"After Lyco Works asked just a few incisive technical questions, it became clear that we needed to rethink where the technology could be utilized.”

—Pete Canalichio
CEO at Brand Licensing Expert

What is an “IP Strategy” anyway?

July 27th, 2015

2nd Annual IP Think Tank hosted by GSU College of Law

An IP strategy is a plan, specific to your business that enables the maximum market value to be derived from your products.  If crafted judiciously, a well informed IP strategy can not only help mitigate risks and avoid costs, but can allow an enterprise to thrive for generations.

What is an IP strategy, exactly?

As a veteran intellectual property (IP) practitioner, Lyco Works was recently honored to join a think-tank focusing on IP strategy development.  Among Lyco Works’ peers were other respected IP practitioners from AT&T, Kimberly-Clark, GE Power, The Weather Channel, Southwire, Huber, along with several large law firms and a few select consultants.  We collaborated to share our latest thoughts and opinions on how companies can implement and leverage a robust intellectual asset management strategy to meet business and marketplace needs.  The work product of the think-tank is being written up by the organizers; I don’t want to anticipate that work product here.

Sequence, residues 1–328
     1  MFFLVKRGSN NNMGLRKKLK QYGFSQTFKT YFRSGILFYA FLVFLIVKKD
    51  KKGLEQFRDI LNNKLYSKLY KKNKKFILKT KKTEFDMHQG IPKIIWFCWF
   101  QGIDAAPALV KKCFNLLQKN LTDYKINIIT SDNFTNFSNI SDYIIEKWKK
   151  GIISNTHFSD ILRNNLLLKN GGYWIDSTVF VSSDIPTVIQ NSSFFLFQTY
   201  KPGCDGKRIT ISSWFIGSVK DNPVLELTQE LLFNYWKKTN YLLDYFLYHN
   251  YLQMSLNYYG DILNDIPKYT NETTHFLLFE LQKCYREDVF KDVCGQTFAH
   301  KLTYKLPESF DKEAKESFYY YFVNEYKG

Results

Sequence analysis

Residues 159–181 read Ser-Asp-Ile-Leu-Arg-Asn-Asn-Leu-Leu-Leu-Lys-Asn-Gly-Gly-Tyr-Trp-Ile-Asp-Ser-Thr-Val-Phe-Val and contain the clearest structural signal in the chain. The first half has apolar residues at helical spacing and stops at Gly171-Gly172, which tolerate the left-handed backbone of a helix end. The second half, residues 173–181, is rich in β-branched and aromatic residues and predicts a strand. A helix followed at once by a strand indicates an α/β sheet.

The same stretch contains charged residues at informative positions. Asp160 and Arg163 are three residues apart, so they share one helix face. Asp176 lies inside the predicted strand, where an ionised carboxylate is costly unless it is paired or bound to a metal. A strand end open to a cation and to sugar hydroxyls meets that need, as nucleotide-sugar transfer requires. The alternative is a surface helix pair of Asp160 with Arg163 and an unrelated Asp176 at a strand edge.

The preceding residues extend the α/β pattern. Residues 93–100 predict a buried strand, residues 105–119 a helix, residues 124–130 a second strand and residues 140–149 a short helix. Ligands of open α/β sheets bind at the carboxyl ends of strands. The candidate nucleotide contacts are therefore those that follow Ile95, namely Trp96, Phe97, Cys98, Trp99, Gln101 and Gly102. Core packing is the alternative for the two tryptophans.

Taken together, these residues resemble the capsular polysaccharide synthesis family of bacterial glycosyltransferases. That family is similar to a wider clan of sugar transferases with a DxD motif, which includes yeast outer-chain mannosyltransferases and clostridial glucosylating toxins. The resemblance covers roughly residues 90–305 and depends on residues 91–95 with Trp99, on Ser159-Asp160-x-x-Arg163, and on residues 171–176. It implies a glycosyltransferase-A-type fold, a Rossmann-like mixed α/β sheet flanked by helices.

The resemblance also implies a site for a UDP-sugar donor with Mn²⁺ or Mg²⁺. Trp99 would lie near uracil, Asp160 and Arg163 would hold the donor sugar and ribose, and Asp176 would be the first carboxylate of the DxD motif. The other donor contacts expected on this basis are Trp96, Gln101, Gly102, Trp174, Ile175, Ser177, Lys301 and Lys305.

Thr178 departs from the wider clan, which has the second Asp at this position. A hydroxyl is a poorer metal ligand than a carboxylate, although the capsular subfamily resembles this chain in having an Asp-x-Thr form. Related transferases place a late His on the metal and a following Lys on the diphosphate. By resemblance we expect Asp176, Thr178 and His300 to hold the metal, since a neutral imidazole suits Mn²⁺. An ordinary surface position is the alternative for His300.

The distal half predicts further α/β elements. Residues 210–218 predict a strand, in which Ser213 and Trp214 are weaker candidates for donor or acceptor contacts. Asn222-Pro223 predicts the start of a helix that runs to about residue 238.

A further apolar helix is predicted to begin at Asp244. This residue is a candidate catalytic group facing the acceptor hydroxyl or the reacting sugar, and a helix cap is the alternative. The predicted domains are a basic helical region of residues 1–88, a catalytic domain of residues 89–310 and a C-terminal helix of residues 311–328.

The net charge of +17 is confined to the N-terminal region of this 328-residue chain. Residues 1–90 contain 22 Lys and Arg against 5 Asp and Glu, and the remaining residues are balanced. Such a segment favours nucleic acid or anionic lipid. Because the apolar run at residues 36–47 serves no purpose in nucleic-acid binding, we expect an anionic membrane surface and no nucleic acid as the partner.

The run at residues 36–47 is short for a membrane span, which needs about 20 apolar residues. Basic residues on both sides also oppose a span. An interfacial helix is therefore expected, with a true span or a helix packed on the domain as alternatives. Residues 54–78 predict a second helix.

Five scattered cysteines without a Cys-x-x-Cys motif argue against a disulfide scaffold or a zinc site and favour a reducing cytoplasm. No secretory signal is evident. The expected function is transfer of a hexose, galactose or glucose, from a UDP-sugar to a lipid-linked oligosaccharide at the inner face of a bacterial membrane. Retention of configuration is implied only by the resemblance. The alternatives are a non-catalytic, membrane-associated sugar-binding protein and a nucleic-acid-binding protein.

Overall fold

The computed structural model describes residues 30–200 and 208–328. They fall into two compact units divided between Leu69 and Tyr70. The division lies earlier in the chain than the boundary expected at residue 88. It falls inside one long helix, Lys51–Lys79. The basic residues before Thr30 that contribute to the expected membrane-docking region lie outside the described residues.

However, as the morning unfolded, it occurred to us that, because of the form of an IP strategy is different from other types of business plan, someone who is not an IP practitioner might have difficulty recognizing what an IP strategy actually is, what it does, how it works, or what a good IP strategy should look like.  Not only is an IP strategy tricky to describe to a non- IP strategist, but it’s even harder for a (non-practitioner) business leader to know whether or not they have a good one in front of them.  The more I thought about it, the more I realized that this topic might make an interesting blog post.

The importance of having an IP strategy:

Most business people are aware of the importance of intellectual property and other intangible assets to business sustainability; an IP strategy is a plan to preserve and grow that value.   A commonly cited statistic is that the valuation of a typical company is now 80% due to intangible assets.  Some might say that this is due in part to the proliferation of software companies with little in the way of heavy assets.  However, I believe that it applies to most companies.  For instance, when Philip Morris brought Kraft for $12.9BN, the tangible assets were valued at only $1.3BN – around 10% of the value.  The remaining 90% of value was considered in the brand equity, goodwill, business practices, patents, and the likelihood of innovation by the employees.